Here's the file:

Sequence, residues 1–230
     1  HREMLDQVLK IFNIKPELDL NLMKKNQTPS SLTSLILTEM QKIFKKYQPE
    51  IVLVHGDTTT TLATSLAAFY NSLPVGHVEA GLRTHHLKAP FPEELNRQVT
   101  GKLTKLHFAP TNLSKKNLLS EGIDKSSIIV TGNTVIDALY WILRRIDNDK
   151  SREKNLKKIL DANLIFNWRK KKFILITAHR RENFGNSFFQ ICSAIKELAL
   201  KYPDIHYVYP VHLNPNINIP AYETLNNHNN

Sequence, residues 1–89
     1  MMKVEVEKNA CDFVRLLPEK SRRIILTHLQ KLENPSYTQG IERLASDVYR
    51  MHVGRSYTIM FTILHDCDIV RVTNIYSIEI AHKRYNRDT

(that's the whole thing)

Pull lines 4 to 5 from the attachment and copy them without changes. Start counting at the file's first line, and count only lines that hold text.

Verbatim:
   101  GKLTKLHFAP TNLSKKNLLS EGIDKSSIIV TGNTVIDALY WILRRIDNDK
   151  SREKNLKKIL DANLIFNWRK KKFILITAHR RENFGNSFFQ ICSAIKELAL